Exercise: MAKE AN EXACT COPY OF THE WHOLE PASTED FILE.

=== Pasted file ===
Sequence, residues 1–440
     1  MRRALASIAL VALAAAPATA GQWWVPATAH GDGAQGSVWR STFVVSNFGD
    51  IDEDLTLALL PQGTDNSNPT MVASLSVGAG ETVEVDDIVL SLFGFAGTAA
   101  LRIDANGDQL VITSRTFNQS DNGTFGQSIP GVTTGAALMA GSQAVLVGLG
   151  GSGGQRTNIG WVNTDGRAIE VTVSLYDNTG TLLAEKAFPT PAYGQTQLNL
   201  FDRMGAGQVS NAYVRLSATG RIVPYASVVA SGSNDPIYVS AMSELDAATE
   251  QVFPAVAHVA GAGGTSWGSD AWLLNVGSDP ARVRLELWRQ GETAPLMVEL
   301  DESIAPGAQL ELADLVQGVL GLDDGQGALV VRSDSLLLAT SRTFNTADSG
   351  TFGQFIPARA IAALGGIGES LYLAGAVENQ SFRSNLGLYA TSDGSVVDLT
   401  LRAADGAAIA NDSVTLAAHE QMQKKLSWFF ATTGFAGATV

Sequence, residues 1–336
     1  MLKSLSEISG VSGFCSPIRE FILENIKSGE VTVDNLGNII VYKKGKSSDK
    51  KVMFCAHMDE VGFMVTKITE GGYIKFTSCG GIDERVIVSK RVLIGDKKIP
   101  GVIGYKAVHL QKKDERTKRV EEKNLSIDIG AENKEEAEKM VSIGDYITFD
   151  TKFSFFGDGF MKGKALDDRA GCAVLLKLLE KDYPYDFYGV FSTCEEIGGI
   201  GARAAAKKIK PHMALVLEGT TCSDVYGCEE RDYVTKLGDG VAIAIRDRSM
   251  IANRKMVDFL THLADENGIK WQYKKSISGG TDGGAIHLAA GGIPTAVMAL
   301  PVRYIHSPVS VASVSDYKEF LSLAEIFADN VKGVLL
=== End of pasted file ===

Sequence, residues 1–440
     1  MRRALASIAL VALAAAPATA GQWWVPATAH GDGAQGSVWR STFVVSNFGD
    51  IDEDLTLALL PQGTDNSNPT MVASLSVGAG ETVEVDDIVL SLFGFAGTAA
   101  LRIDANGDQL VITSRTFNQS DNGTFGQSIP GVTTGAALMA GSQAVLVGLG
   151  GSGGQRTNIG WVNTDGRAIE VTVSLYDNTG TLLAEKAFPT PAYGQTQLNL
   201  FDRMGAGQVS NAYVRLSATG RIVPYASVVA SGSNDPIYVS AMSELDAATE
   251  QVFPAVAHVA GAGGTSWGSD AWLLNVGSDP ARVRLELWRQ GETAPLMVEL
   301  DESIAPGAQL ELADLVQGVL GLDDGQGALV VRSDSLLLAT SRTFNTADSG
   351  TFGQFIPARA IAALGGIGES LYLAGAVENQ SFRSNLGLYA TSDGSVVDLT
   401  LRAADGAAIA NDSVTLAAHE QMQKKLSWFF ATTGFAGATV

Sequence, residues 1–336
     1  MLKSLSEISG VSGFCSPIRE FILENIKSGE VTVDNLGNII VYKKGKSSDK
    51  KVMFCAHMDE VGFMVTKITE GGYIKFTSCG GIDERVIVSK RVLIGDKKIP
   101  GVIGYKAVHL QKKDERTKRV EEKNLSIDIG AENKEEAEKM VSIGDYITFD
   151  TKFSFFGDGF MKGKALDDRA GCAVLLKLLE KDYPYDFYGV FSTCEEIGGI
   201  GARAAAKKIK PHMALVLEGT TCSDVYGCEE RDYVTKLGDG VAIAIRDRSM
   251  IANRKMVDFL THLADENGIK WQYKKSISGG TDGGAIHLAA GGIPTAVMAL
   301  PVRYIHSPVS VASVSDYKEF LSLAEIFADN VKGVLL